I have written a script to check how many instances of a process are running in an OpenWrt based system. If I run the following in my terminal

COUNT_PS=$(echo `ps -w | grep -v grep | grep upmpdcli | wc -l`)
root@SHAULA-720:~# echo $COUNT_PS

the result is


Below is the code of the shell script , if I run this script the result is 4 instead of 1


#for debug 
ps -w | grep -v grep | grep upmpdcli

COUNT_PS=$(echo `ps -w | grep -v grep | grep upmpdcli | wc -l`)
echo we have $COUNT_PS instances for upmpdcli;
logger we have $COUNT_PS instances for upmpdcli;

if [[ $COUNT_PS == 1 ]]; then        
    logger "we have only one instance"

elif [[ $COUNT_PS == 2 ]]; then
    logger "we have 2 instances lets kill all and start a single"
    kill -9 `pgrep upmpdcli`

elif [[ $COUNT_PS == 0 ]]; then
    logger "we have no instance lets wait for cron to start it"

    logger "we have $COUNT_PS  instances"

so if I run /etc/upmpd-check.sh the result is we have 4 instances for upmpdcli which is strange to me.

What am I missing here?

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  • 2
    Why don't you use pgrep instead of ps | grep?
    – Kusalananda
    Jan 31, 2019 at 12:45
  • 1
    even with pgrep the results are same. if I run pgrep upmpdcli | wc -l from terminal I would get proper result 1, but when I would run the script it will result 4
    – dmSherazi
    Jan 31, 2019 at 12:55
  • 1
    What is the output of ps -w | grep -v grep | grep upmpdcli at the terminal and in the script? Are they showing the same set of processes, or just a snapshot of processes that rapidly get created and killed? Jan 31, 2019 at 13:04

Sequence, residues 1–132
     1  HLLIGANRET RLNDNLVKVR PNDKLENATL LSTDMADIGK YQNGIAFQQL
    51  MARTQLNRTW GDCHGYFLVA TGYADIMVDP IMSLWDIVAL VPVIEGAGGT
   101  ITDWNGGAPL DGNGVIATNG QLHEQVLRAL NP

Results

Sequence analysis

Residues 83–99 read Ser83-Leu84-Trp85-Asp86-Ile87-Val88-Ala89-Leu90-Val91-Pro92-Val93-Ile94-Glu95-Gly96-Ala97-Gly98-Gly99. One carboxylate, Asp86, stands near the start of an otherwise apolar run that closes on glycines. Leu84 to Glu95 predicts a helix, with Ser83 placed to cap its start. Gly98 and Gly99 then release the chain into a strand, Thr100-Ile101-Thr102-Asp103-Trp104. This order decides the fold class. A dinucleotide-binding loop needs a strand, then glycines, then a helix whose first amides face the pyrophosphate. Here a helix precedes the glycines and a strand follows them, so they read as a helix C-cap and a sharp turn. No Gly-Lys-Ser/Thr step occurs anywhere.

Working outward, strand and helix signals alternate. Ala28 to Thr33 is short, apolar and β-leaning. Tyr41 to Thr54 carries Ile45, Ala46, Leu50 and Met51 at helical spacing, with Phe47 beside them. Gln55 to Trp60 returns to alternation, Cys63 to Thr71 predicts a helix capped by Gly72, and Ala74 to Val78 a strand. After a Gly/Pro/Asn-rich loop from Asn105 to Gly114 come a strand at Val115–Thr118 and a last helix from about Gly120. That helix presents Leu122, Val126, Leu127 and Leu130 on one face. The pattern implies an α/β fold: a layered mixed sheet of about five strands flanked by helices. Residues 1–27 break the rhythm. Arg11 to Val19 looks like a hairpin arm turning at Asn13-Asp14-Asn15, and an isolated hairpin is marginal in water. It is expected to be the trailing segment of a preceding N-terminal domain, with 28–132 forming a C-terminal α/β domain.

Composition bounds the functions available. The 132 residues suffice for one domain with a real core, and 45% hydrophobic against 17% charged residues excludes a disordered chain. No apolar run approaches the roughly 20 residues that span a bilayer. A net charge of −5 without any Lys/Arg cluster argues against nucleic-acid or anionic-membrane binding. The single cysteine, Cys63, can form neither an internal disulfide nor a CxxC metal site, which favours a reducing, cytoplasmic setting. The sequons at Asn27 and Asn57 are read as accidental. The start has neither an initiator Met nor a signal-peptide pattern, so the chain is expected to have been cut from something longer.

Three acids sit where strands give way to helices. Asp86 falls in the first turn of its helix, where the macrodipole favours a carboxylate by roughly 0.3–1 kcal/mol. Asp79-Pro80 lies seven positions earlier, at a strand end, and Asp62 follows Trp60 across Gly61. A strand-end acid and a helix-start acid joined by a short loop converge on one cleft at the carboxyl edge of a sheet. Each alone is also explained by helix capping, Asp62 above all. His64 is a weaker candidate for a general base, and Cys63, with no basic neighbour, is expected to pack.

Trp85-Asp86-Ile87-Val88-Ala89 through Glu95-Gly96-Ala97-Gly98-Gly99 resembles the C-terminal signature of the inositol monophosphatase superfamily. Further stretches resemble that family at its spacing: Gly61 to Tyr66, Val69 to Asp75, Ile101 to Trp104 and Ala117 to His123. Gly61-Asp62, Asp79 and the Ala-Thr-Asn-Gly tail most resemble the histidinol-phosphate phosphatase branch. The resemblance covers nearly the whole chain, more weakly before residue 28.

• since you have pgrep, I want to make sure you're aware of pkill as well.
    – Jeff Schaller
    Jan 31, 2019 at 13:17
  • 3
    It's catching your shell script's name too. Why don't you just use pgrep and pkill with the appropriate expression and options?
    – Kusalananda
    Jan 31, 2019 at 13:38

1 Answer 1


The main confusion comes from your ps | grep pipeline matching the name of your script, which includes the string upmpdcli.

With pgrep you would not have the same issue as pgrep will look at the command names only by default and would not mistake upmpdcli-check for upmpdcli.

Ideally, you would use

pgrep -x /usr/bin/upmpdcli

to get the PIDs for that process.

To kill that process, or those processes, use

pkill -x /usr/bin/upmpdcli

That is, do not use the PIDs had from pgrep (as these may not be up to date).

To kill only the oldest upmpdcli process, use pkill with -o, and use -n to kill only the newest. See the pkill manual.

Also note that

variable=$( echo `somecommand` )

is better written as

variable=$( some_command )

unless you are relying on the fact that the shell will do word splitting and filename expansions on the result of some_command (you are not).

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